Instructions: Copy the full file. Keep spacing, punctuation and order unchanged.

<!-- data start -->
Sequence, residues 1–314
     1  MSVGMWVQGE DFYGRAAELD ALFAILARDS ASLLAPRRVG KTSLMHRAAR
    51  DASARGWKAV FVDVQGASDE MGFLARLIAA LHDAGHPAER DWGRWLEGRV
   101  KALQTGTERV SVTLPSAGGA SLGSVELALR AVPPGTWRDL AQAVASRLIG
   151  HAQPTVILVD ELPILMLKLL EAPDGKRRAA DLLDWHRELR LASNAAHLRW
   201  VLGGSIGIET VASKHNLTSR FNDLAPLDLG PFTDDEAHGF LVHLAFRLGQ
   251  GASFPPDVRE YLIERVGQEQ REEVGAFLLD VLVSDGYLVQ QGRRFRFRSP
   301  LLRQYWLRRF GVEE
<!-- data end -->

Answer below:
Sequence, residues 1–314
     1  MSVGMWVQGE DFYGRAAELD ALFAILARDS ASLLAPRRVG KTSLMHRAAR
    51  DASARGWKAV FVDVQGASDE MGFLARLIAA LHDAGHPAER DWGRWLEGRV
   101  KALQTGTERV SVTLPSAGGA SLGSVELALR AVPPGTWRDL AQAVASRLIG
   151  HAQPTVILVD ELPILMLKLL EAPDGKRRAA DLLDWHRELR LASNAAHLRW
   201  VLGGSIGIET VASKHNLTSR FNDLAPLDLG PFTDDEAHGF LVHLAFRLGQ
   251  GASFPPDVRE YLIERVGQEQ REEVGAFLLD VLVSDGYLVQ QGRRFRFRSP
   301  LLRQYWLRRF GVEE